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Experience the 2024 Total Solar Eclipse

Upper Arlington in the Path of Partial Totality

On April 8, 2024, a rare celestial event will captivate the skies over North America, treating spectators in Mexico, the United States, and Canada to a total solar eclipse. Among the lucky viewers will be those within a 124-mile-wide band in Ohio, where the moon will completely block the sun, turning day into an eerie twilight.

Outside this path, Ohioans will still witness a partial eclipse, a stunning display as the moon partially covers the sun. Total solar eclipses are extraordinary, occurring on average once every 1.5 years somewhere on Earth. In the history of the United States, only 21 total solar eclipses have graced the lower 48 states.

For Ohio, the last total solar eclipse visible was in 1806, making the 2024 event a once-in-a-lifetime experience for many. The next total solar eclipse in Ohio is not expected until the year 2099.

Understanding the science behind a solar eclipse adds to the spectacle. This phenomenon occurs when the moon positions itself between the Earth and the Sun, casting a shadow on our planet. During a total solar eclipse, the moon perfectly aligns with the sun, completely blocking its light and revealing the sun’s corona, creating a breathtaking sight.

While witnessing such an event is exciting, safety is paramount. Looking directly at the sun, even during an eclipse, can cause permanent eye damage. To safely view the eclipse, use special-purpose solar filters like eclipse glasses or hand-held solar viewers. Familiarize yourself with solar eclipse safety tips to ensure a memorable and safe experience.

**Information in this article can be attributed to the Ohio Emergency Management Agency and

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A solar eclipse occurs when the Moon passes directly between the Earth and the Sun, casting its shadow on the Earth’s surface. This alignment results in different types of eclipses:

  • Total Eclipse: When the Moon perfectly aligns with the Sun, fully blocking its light, creating a phenomenon known as “totality.”
  • Partial Eclipse: When the alignment is not perfect, and only a portion of the Sun is obscured by the Moon.
  • Annular Eclipse: When the alignment is perfect, but the Moon is at a further point in its orbit, appearing smaller and not completely covering the Sun, creating a ring-like effect known as the “ring of fire.”

The rarity of a total solar eclipse lies in the fact that it is visible only along a very narrow path on Earth for a few minutes, making it one of nature’s most extraordinary and fleeting events.

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Many who have witnessed a total eclipse describe it as the most breathtaking natural phenomenon they’ve ever seen. It begins with the Moon slowly passing in front of the Sun, gradually obscuring its bright light. As the eclipse progresses, the surroundings take on a surreal hue, and shadows become sharper and more pronounced. As the Moon covers more of the Sun, only a thin crescent of light remains, casting an unusual dimness as daylight starts to fade. During this phase, you might notice rippling “shadow bands” on the ground. Then, comes “totality” – the Moon aligns perfectly with the Sun, revealing the solar corona, a delicate halo surrounding the dark silhouette of the Moon. The moment of totality is magical, with a sudden drop in temperature and birds returning to their nests, tricked by the premature darkness. It’s an experience of standing in an eerie twilight, enveloped by a glowing “sunset” on all horizons. As totality ends, the sequence reverses: daylight gradually returns, the crescent of the Sun reappears, and the world resumes its normal rhythm.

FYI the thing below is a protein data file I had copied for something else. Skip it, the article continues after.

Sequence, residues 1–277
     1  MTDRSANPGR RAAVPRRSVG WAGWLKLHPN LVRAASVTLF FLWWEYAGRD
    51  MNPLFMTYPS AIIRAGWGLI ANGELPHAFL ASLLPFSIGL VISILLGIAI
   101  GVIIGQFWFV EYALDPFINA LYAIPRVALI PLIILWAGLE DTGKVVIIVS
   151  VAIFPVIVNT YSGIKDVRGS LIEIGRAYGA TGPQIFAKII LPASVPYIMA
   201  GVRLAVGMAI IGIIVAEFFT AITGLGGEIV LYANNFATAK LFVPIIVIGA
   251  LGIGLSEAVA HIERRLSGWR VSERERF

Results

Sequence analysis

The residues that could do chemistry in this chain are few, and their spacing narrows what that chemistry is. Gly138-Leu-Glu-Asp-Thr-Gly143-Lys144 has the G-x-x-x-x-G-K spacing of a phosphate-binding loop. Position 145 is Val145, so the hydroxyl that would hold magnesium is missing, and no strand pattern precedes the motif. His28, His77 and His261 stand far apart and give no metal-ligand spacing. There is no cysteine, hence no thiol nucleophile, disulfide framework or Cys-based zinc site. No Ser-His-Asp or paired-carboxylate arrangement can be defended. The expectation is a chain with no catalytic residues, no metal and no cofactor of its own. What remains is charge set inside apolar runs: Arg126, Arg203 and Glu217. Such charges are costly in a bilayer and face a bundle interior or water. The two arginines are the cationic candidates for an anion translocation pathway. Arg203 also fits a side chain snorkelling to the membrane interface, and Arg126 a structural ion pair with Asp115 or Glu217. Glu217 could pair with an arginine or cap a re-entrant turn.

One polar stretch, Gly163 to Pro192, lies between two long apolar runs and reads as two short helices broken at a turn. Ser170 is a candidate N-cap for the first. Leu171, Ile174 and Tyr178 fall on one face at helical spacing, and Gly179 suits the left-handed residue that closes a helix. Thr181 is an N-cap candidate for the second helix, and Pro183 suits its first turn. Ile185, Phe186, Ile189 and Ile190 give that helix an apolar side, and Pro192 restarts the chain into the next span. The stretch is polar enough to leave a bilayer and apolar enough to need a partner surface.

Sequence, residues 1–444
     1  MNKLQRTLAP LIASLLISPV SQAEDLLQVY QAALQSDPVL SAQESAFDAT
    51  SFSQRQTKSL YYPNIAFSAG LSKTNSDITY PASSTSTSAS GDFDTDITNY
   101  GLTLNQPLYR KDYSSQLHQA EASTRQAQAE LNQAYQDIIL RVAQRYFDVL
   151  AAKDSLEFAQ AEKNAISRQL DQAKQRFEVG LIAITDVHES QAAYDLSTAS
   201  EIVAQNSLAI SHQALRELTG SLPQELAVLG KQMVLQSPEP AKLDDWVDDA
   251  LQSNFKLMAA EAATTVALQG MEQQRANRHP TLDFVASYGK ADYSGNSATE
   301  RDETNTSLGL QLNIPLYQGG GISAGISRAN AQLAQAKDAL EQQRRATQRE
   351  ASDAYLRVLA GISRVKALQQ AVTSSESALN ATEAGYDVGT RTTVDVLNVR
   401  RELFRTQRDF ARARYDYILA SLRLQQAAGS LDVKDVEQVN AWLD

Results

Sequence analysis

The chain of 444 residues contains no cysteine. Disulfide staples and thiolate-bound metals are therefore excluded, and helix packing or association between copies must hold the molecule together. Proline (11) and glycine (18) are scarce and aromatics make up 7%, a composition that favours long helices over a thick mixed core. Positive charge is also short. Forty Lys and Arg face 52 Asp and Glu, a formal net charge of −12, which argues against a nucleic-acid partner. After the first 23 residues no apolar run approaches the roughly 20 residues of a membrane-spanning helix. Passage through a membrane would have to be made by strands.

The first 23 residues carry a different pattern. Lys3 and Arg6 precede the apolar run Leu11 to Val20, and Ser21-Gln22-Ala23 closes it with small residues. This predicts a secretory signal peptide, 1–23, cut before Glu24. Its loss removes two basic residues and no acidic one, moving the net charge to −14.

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The path of totality is where observers will see the Moon completely cover the Sun.

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The total solar eclipse visits Ohio on April 8, 2024 beginning at 3:08 pm EDT with the final exit of the Moon’s shadow from the state at 3:19 pm EDT.

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During the eclipse, the sky will get dark as if it were dawn or dusk. Even if skies are cloudy, people will still notice a darkening of the sky. Nocturnal wildlife may awaken while non-nocturnal wildlife may think it’s time for bed.

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There may be times during the event that cell service will be disrupted due to high volume of usage. Texting uses less bandwidth than a voice call.

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OhioTourism has interactive maps showing locations and events for viewing the eclipse.

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With the exception of the very brief total phase of a total solar eclipse, when the Moon completely blocks the Sun’s bright face, it is not safe to look directly at the Sun unless you are using eye protection specifically for solar viewing. Do not view any part of the bright Sun through a camera lens, binoculars, or a telescope without a special-purpose solar filter secured over the secured over the front of the instrument as this may instantly cause severe eye injury. Homemade filters or ordinary sunglasses, even very dark ones, are not safe for looking at the sun. They transmit thousands of times too much sunlight and could damage the eyes. Visit the American Astrological Society website for a list of recommended vendors to purchase solar eclipse viewers.

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Yes, but you must have the specialized eclipse filter between your camera and the Sun.

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